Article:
As we are talking abou Goebels and Goering, here are some quotes:

“In my view a nation’s conception of its own freedom must be harmonised with present-day facts and simple questions of efficiency and purpose… Our only requirement of European states is that they be sincere and enthusiastic members of Europe.”

Joseph Goebbels

“The solution to economic problems… with the eventual object of a European customs union and a free European market, a European clearing system and stable exchange rates in Europe, looking towards a European currency union.”

Hermann Göring

Hey, it's 2019. Quit making battery-draining webpages – say makers of webpage-displaying battery-powered kit


Re: There's little incentive to do this

There is also the problem that clients and/or management think "ooh! Shiny" and want features, and more features, and they want it done quickly. The way to do that is to keep adding scripts. Social share buttons, analytics scripts, ad scripts.....

Canonical adds ZFS on root as experimental install option in Ubuntu


Re: Wow

Its nice to have it on your root partition as a way of reverting any changes that break stuff.

SUSE has been defaulting to BTRFS for / for a while for the same reason. That runs in a reasonable amount of RAM, you just need a lot of spare space on the / partition. I cannot imagine ZFS will be much worse.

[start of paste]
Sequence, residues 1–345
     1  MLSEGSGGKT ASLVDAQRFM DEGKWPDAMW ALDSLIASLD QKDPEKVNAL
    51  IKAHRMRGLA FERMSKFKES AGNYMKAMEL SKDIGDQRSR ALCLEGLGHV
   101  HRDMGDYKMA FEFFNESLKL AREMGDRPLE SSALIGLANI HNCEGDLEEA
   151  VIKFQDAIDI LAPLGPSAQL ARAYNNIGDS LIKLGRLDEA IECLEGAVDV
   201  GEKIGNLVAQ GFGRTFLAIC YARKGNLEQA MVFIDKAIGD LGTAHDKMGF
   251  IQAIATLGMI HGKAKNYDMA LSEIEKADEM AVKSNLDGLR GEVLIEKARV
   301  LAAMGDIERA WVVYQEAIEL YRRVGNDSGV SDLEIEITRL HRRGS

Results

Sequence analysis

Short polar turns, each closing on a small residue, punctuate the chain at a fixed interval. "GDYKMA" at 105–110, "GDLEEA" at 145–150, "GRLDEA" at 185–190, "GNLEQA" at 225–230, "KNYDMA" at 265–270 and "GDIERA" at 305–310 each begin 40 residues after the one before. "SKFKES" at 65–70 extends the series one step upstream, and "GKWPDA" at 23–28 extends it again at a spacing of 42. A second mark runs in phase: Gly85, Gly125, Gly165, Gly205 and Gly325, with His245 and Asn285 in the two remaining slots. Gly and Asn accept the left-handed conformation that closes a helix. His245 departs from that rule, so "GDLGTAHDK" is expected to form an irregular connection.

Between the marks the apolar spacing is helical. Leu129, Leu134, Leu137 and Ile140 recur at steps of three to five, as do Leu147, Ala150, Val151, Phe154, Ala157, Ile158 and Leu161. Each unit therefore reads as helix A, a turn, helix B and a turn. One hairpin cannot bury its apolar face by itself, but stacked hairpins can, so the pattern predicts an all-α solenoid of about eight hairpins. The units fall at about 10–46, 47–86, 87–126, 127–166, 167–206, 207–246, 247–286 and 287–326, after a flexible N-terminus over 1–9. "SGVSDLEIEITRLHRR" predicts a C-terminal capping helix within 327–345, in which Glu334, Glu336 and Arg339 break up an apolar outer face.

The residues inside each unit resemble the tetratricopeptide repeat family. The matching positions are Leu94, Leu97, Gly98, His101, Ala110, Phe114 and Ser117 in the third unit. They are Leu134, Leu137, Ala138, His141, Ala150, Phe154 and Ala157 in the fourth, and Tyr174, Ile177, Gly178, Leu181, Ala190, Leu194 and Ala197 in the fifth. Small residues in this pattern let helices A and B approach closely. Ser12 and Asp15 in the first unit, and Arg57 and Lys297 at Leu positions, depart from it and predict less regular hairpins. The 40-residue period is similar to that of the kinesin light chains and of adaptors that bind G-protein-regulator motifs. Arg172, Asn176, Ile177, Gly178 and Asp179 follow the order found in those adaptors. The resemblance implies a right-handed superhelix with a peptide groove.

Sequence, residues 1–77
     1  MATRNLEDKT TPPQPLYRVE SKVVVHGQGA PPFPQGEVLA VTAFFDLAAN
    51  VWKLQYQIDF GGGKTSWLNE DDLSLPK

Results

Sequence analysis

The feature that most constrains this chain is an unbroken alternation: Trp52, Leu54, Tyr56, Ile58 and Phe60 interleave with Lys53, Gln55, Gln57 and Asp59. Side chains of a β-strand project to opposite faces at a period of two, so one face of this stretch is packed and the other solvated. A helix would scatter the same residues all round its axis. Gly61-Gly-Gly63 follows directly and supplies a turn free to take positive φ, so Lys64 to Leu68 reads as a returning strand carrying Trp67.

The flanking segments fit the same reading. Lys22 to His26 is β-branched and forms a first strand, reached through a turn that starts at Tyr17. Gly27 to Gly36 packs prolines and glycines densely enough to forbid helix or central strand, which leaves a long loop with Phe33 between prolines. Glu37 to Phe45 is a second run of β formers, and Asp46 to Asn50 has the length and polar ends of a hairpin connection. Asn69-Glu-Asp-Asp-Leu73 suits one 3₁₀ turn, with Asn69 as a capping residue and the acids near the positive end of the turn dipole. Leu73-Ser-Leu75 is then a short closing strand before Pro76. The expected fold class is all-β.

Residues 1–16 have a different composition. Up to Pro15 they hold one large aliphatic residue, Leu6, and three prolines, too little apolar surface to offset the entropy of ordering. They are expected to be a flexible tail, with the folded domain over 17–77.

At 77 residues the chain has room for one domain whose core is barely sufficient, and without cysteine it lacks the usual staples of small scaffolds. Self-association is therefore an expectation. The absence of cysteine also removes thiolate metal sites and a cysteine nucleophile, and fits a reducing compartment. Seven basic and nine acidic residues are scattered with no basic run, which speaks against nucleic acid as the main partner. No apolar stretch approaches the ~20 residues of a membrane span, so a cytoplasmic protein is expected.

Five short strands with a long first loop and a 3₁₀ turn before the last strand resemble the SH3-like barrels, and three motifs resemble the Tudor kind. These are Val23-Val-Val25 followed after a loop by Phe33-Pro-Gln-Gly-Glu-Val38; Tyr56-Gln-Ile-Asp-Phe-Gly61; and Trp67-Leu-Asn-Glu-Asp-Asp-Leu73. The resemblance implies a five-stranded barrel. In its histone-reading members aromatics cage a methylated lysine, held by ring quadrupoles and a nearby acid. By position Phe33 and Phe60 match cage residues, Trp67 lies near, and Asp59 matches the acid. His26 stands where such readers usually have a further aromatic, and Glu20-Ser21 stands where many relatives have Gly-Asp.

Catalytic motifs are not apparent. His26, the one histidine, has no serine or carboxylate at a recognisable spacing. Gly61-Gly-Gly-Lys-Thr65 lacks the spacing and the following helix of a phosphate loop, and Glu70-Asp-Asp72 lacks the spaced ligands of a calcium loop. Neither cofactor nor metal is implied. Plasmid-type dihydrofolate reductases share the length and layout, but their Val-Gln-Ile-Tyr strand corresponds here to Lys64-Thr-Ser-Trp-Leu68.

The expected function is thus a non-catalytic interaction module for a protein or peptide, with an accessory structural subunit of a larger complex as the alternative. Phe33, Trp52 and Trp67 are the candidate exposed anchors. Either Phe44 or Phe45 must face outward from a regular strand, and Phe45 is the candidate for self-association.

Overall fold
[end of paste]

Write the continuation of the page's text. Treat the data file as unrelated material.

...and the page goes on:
Brit regulator Ofcom put at helm as hosting platforms threatened with hefty fines for violent videos


Re: AgeChecked

It sounds like a clever way to give companies an excuse to verify your identity before using their site, so they can amass lots of personal data.

Same as the porn block law (and will running into the same opposition and practical difficulties), GDPR etc.

SELECT code_execution FROM * USING SQLite: Eggheads lift the lid on DB security hijinks


Which CVE is five years old? The four year old one was patched after a few months. The others are all recent.

This should not require manual patching or upgrading as in most cases (at least on *nix) all you need to is run routine updates and the shared library will get updated.


Re: Mmmmmm

It does not matter if the Python library code has not been updates, as long as it is linked to an updated version of the sqlite library.

On most Linux distros packages (like Python) using SQLite will just depend on the OS sqlite library and that will be updated. This is why I far prefer the traditional Linux way of specifying package dependencies to statically compiling them it. One update fixes a shared library everywhere it is used.

For MacOS it comes with the OS, so should get fixed by an OS update. Not always true on MacOS because a lot of stuff is statically linked into apps, but in this case it should be fine (unless apps statically link a different version or similar).

That leaves Android (lots of people do not get OS updates) and Windows (likely to be statically linked) as the potential problems.

Science and engineering hit worst as Euroboffins do a little Brexit of their own from British universities


Re: Brexit bollocks